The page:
A: I've become very interested in marketing, so I am doing my concentration in it. I've loved all my classes so far. They've opened me up to a whole different world that I was not familiar with previously. I had a class with Professor Andrea Morales last semester, and I think it's because of her class that I decided to concentrate in marketing.

I almost chose a concentration in consulting, but after taking this marketing class with Professor Morales, I found the subject really speaks to me. It's something I'm quite interested in, how you come up with a product and how you present it.

Now I am taking a customer experience class, and it's such an interesting discipline. I was so surprised at the scientific approach to the customer experience. I can see how my previous understanding of it was incomplete, and I'm learning so much and getting a lot out of the class. The pace is very fast, and there are a lot of deliverables, but that's what helps me get the best understanding.

Q: How have your connections with your classmates enhanced your W. P. Carey experience?

A: I've been in three or four different teams so far, and I would say this method of learning has been great. It exposes you to so many different people with different approaches, feelings, and ways of communication, and you have to adjust. You have to think, "Am I doing everything right? What do I need to do better to make our team stronger?" It's given me a lot of understanding of other people and how they work.

In my previous job, I had gotten used to being the boss and having assistants, so it's been a new experience for me. I'm thankful for the experience, as I've learned to be more patient and how to better work in a team. I'm so thankful to my classmates for being patient with me and being such great supporters.

Recently, I had received feedback from a professor about not using my notes as often during a presentation. After having COVID, I've had some difficulties with my memory, so I've been using my notes to help. After receiving that feedback, I was feeling discouraged and thinking that I had caused an issue for my team. I called one of my teammates, Bryce, and he gave me nothing but support. He said, "Kazak, you are doing such a great job. We know how valuable you are to the team. Don't worry about it."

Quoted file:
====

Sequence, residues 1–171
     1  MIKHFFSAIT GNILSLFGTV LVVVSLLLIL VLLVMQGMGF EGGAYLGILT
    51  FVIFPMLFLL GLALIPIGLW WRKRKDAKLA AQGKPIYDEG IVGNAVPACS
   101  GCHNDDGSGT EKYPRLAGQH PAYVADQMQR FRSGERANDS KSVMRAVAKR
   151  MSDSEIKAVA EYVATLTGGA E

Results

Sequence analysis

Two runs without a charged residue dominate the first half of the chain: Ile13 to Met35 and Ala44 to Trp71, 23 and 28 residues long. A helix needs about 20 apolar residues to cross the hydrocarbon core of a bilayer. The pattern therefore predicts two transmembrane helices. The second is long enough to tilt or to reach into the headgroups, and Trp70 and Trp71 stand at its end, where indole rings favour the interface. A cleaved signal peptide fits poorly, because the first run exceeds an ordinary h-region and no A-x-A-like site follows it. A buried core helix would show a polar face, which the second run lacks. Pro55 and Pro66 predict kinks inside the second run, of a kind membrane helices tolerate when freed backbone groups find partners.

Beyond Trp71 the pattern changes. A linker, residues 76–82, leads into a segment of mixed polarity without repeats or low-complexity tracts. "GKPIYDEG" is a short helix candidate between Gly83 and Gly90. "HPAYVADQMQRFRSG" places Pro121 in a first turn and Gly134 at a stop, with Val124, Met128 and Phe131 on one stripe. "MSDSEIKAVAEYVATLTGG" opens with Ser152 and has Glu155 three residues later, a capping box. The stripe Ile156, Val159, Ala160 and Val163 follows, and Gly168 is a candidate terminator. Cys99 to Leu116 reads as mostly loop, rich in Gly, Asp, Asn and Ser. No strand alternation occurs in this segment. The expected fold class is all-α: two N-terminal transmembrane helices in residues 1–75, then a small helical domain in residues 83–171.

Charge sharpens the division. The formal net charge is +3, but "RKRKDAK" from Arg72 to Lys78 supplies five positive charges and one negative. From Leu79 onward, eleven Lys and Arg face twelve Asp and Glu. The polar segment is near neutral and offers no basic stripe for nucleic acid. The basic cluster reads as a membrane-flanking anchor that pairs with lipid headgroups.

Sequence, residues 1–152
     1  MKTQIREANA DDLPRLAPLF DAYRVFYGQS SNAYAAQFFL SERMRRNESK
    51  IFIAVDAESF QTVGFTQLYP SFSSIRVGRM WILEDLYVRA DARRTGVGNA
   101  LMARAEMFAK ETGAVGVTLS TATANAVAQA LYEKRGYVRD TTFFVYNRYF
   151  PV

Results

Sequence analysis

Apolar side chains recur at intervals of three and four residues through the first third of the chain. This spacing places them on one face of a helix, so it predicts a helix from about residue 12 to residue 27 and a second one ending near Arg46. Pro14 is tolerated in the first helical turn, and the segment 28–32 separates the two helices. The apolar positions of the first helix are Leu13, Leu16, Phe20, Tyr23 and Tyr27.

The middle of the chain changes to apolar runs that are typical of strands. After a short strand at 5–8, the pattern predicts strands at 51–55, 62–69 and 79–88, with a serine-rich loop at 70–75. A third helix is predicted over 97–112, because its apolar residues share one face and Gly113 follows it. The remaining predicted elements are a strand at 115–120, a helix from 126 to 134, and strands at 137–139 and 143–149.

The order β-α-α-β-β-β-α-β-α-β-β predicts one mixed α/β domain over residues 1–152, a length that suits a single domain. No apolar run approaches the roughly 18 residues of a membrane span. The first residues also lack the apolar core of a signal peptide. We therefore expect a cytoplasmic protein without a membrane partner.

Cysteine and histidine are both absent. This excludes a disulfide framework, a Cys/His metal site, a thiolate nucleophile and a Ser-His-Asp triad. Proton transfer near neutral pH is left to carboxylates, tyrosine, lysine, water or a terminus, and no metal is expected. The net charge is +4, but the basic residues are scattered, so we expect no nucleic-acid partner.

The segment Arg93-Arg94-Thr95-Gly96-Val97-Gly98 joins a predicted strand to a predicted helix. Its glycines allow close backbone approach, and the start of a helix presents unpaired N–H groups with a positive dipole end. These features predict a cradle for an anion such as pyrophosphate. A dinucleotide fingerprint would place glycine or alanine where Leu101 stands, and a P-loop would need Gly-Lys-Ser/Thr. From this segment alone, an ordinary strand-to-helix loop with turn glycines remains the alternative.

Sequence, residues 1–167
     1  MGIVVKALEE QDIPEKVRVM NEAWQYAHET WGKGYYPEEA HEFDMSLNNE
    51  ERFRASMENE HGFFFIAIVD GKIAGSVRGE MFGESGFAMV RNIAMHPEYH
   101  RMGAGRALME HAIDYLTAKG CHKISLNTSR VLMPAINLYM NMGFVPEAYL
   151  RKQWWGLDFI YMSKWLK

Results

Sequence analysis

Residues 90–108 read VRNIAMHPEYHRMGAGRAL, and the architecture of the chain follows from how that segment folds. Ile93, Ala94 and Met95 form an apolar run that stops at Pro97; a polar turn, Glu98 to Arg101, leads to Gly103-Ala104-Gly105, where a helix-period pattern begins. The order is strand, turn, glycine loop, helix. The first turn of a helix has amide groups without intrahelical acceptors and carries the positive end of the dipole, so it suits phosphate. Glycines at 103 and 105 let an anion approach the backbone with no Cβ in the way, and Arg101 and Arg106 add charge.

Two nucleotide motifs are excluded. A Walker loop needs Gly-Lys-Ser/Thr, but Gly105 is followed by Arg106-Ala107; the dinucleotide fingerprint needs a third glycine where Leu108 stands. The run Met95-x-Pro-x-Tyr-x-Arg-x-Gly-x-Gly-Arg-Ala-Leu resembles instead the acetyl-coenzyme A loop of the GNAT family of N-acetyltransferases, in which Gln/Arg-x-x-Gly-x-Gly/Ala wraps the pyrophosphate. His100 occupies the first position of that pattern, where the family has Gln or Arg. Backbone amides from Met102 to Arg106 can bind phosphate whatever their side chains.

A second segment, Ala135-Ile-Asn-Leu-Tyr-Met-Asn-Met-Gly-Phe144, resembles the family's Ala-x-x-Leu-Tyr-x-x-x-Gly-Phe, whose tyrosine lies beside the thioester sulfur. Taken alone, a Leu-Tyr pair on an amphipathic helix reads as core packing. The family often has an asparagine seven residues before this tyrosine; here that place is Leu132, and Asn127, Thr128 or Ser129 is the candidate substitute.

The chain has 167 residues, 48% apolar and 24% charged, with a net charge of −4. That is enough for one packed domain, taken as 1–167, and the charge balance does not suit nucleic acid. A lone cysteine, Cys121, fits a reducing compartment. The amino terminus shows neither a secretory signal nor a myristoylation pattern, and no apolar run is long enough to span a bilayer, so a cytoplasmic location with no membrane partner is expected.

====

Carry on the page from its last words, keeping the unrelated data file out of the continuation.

Q: What advice would you give to someone considering the Full-time MBA program at W. P. Carey?

A: Speaking from my own experience and what I value, I would recommend students to always remember their wellness. Always think about your peace of mind, about your overall well-being and health. Yes, doing your schoolwork, not sleeping much, drinking a lot of coffee, it's all part of the process. But remember that everyone has their own resource limit. Unfortunately, it's not unlimited, so pace yourself. Have fun doing all those things, and don't overload yourself with too many responsibilities.

A lot of people, and a lot of MBA students, are perfectionists at heart and want to be the best. But remember, it's not the end of your life, it's just the beginning. You will have so many more experiences later on. Ten or 15 years later, you'll look back on the problems you have now and think, "What was I thinking then? That wasn't that important." Take the whole picture into account.